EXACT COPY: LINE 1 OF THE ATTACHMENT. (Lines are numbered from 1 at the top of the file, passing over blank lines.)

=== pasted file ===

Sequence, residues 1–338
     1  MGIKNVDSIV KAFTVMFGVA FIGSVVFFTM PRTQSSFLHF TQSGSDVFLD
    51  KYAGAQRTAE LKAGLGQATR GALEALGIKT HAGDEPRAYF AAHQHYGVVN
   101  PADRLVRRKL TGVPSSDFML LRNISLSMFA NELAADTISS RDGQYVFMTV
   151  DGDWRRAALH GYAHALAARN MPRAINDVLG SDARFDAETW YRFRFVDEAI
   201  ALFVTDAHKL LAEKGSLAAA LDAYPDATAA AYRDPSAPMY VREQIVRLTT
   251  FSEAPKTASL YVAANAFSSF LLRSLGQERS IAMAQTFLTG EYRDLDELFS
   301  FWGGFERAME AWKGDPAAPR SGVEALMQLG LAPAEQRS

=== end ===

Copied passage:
Sequence, residues 1–338